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Black Texas GOP State Chair Allen West Demands that Confederate Monuments be Protected

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The new Texas GOP State Chair Allen West is not playing around.

After recently taking control of the position of State Chair, West has made it a point to call out the Texas GOP establishment.

Brandon Waltens of Texas Scorecard highlighted how West called out Governor Greg Abbott’s series of executive orders with regards to the Wuhan virus and spineless Republicans who have joined Democrats in attempts to erase American history.

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Since his successful campaign for State Chair, West has been on a media blitz and reaching out to disgruntled grassroots conservatives. He also took Republicans to task in their flaccid response to the cultural Left’s radicalism.

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Waltens noted one case of Republican cowardice that got on West’s nerves:

The first major example came after the U.S. House of Representatives voted to remove statues of individuals who fought for the Confederacy from the U.S. Capitol. While the push was led by Speaker Nancy Pelosi and Democrat congressmen, they found unlikely allies in a minority of Republican legislators, including six from Texas: Michael Burgess of Flower Mound, Van Taylor of Plano, Dan Crenshaw of Houston, Michael McCaul of Austin, Will Hurd of San Antonio, and Pete Olson of Sugar Land.

When he went on Fox and Friends on July 24, West criticized “cancel culture” and the Left’s iconoclasm.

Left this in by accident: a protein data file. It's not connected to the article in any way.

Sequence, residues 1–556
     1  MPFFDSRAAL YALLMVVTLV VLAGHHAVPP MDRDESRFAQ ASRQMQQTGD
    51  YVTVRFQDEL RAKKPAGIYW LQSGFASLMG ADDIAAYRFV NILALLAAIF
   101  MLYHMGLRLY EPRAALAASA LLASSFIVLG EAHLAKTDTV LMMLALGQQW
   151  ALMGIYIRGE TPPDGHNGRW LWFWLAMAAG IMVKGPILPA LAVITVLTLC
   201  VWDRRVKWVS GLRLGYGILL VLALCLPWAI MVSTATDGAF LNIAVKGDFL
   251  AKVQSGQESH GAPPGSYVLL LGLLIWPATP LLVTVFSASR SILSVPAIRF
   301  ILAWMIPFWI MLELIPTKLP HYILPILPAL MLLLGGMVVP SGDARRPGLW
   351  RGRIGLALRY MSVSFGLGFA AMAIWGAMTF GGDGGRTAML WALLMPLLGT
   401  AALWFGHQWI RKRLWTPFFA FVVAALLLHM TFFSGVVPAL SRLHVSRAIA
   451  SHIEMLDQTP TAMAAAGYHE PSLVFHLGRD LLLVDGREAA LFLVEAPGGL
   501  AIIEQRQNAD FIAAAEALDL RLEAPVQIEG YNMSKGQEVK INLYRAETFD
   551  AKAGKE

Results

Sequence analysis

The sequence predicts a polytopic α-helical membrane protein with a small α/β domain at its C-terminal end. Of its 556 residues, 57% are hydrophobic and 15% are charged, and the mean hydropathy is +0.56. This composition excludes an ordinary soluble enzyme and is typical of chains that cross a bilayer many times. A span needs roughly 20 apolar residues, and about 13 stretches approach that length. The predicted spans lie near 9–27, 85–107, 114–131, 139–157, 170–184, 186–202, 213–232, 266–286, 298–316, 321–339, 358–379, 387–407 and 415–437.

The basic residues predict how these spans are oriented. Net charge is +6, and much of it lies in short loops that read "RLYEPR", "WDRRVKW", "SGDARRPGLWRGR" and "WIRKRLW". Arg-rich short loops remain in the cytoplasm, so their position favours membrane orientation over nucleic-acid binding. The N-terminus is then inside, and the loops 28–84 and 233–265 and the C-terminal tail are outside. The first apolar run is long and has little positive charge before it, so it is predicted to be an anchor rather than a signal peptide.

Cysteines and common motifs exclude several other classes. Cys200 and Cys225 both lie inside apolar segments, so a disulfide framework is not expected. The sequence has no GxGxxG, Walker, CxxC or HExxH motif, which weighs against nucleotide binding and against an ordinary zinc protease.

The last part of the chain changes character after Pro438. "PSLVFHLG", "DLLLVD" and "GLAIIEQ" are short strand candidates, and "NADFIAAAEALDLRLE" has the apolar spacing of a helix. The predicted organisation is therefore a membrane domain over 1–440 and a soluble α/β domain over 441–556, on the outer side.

“I will tell you, I have never met a Confederate general that offended me,” declared West. He then cited his service at two military bases—Fort Bragg and Fort Hood—which were named in honor of Confederate generals.

“We are just responding to this mob, this cancel culture, and as long as we continue to believe we can acquiesce, appease, and compromise with them, it just emboldens them. And so, I would say, ‘Sit in the corner, shut up, and get out of the business of worrying about the names of military installations.’”

West really stirred the pot by criticizing the executive orders that came out of Abbott’s office.

“One of the things that I believe in is the rule of law and that we are supposed to be governed by our elected officials and not ruled by our elected officials,” declared West. “I’m not too much a fan of executive orders, edicts, mandates, and directives.”

Although West conceded that executive orders may be justified in the case of emergencies, he said, “You have to come back to the Legislature if you want to continue to send out orders.”

In addition, West was in disagreement with Abbott’s statewide mask mandate and described several decisions by local officials as “draconian.”

West’s leadership is long overdue.

BLP previously reported on West’s desire to carry out the will of Texas grassroots conservatives by making Constitutional Carry a legislative priority.

Said legislation was killed last legislative session by the GOP political establishment, which disappointed grassroots conservatives who wanted to continue liberalizing Texas’ already solid gun laws.